Countryside group claims victory over Government

A conservation charity has claimed a campaign victory against the Home Office, after it reversed plans to ban the public from land around the Prime Minister's country home.

The Home Office had mistakenly included designated public-access land near Chequers, Buckinghamshire, in a new criminal trespass zone created as part of measures to protect royal and government sites from security breaches.

The Open Spaces Society, Britain’s oldest national conservation body, alerted the Home Office about the inclusion of land at Beacon Hill, which is classified as public access land under the Countryside and Rights of Way Act 2000.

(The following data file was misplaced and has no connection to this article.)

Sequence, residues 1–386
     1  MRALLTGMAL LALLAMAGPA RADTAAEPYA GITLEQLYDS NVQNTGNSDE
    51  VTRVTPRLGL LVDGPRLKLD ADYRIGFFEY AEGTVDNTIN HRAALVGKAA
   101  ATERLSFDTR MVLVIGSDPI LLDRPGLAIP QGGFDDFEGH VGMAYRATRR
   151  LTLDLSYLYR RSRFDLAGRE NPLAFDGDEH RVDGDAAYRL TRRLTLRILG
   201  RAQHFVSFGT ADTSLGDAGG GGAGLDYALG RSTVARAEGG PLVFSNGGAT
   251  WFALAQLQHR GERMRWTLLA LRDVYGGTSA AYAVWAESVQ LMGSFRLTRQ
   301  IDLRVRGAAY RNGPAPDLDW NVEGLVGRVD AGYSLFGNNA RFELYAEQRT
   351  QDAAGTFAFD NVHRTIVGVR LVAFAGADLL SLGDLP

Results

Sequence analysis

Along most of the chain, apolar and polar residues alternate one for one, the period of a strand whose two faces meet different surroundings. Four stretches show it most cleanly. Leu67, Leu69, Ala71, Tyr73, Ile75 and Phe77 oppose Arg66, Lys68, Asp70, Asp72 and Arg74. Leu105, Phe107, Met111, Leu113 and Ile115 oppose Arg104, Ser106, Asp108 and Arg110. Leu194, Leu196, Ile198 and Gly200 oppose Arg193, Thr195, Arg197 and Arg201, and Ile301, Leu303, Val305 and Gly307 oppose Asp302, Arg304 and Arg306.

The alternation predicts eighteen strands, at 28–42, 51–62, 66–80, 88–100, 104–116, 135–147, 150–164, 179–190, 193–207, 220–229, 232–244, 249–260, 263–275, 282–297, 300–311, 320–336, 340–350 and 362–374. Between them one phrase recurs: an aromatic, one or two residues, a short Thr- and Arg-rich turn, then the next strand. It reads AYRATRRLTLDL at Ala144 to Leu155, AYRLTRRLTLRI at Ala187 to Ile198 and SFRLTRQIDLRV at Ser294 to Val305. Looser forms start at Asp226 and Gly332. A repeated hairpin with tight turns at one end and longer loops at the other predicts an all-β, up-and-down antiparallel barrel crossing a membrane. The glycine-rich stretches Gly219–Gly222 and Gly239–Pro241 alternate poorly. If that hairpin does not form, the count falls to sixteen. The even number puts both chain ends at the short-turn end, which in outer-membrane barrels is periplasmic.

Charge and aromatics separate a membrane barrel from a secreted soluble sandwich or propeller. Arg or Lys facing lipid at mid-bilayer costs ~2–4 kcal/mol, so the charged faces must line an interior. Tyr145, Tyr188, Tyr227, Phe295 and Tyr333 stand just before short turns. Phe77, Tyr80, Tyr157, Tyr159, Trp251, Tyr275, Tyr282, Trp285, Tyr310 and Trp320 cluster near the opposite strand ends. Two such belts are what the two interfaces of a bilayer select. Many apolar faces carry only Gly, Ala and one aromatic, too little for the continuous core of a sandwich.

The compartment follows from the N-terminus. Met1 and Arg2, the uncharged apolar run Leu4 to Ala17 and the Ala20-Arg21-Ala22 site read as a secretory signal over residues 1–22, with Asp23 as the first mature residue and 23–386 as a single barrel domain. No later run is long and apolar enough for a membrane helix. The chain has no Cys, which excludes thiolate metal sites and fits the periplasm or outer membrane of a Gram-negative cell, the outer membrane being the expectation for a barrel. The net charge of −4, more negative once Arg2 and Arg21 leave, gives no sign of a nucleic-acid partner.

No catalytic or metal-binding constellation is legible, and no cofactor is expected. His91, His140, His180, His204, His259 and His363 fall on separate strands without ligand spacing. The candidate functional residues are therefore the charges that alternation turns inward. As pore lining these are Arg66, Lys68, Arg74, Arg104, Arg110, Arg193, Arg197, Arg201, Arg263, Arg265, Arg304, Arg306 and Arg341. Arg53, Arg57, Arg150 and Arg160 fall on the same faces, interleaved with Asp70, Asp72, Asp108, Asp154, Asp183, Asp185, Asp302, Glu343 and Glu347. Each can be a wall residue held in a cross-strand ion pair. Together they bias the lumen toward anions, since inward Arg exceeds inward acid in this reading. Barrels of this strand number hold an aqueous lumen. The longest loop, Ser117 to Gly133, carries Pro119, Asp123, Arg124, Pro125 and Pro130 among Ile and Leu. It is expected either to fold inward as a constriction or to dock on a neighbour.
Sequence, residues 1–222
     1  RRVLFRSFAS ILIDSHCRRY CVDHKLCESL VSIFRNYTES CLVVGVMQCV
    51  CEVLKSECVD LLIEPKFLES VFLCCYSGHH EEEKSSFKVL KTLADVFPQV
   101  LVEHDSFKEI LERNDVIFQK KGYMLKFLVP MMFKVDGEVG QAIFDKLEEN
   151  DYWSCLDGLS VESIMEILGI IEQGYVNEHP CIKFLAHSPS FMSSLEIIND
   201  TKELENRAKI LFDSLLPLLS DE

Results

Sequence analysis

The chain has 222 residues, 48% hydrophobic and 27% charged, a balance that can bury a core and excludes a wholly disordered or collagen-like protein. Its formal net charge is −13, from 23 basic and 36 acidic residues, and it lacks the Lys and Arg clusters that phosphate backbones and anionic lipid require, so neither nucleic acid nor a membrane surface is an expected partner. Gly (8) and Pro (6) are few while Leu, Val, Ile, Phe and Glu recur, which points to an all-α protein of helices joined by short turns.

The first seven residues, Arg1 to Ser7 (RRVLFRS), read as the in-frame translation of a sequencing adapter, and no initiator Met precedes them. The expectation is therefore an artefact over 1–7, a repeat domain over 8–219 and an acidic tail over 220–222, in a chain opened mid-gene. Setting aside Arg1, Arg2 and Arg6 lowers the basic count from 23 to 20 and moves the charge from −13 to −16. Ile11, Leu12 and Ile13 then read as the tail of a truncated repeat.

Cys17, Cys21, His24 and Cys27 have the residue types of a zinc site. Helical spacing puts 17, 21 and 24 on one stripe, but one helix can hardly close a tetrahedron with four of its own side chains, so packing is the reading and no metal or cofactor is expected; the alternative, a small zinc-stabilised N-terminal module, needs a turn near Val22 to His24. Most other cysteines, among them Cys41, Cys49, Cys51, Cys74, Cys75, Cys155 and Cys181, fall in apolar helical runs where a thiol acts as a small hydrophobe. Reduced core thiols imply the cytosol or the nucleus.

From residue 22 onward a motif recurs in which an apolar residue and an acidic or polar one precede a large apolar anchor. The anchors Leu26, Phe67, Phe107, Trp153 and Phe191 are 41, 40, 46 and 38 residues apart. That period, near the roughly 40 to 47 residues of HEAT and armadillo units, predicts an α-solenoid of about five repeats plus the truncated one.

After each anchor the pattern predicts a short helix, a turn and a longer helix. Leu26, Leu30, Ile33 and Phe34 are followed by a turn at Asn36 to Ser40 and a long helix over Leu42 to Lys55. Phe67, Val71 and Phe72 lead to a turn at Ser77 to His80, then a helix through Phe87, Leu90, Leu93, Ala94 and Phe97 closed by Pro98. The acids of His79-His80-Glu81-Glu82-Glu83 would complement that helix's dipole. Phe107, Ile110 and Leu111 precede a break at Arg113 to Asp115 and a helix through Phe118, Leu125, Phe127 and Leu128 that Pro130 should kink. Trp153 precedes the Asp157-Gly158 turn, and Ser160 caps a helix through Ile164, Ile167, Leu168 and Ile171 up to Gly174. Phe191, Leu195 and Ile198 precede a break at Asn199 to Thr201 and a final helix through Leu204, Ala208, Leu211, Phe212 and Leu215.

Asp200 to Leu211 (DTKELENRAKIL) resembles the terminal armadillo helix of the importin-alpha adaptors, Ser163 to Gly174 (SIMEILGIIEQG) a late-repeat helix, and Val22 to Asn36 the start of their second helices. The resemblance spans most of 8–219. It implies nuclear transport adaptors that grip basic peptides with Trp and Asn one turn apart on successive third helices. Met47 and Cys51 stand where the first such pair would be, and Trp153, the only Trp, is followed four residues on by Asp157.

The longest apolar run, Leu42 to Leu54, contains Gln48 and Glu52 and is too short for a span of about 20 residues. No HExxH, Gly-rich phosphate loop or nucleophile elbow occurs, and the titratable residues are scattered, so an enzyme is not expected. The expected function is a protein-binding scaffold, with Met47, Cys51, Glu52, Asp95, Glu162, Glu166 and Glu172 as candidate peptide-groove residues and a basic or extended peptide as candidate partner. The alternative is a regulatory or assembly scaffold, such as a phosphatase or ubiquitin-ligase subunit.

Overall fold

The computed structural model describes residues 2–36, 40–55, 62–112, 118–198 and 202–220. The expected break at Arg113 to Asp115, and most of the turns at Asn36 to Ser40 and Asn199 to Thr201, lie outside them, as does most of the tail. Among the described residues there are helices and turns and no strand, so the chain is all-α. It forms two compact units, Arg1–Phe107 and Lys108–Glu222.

“Fortunately we spotted this error in time,” said Kate Ashbrook, general secretary of ther charity, which has an income of £125,000 a year. “The Home Office admitted it got it wrong and has been able to rectify its mistake.”

On 4 May Home Office put an order before parliament to amend the boundary so that no public access land is included. The regulations come into force this June.

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